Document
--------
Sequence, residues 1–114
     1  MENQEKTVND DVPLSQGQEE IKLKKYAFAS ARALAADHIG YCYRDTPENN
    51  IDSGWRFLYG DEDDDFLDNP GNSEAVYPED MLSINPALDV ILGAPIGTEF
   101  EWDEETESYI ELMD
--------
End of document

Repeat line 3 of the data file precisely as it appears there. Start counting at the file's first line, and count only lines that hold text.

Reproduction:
    51  IDSGWRFLYG DEDDDFLDNP GNSEAVYPED MLSINPALDV ILGAPIGTEF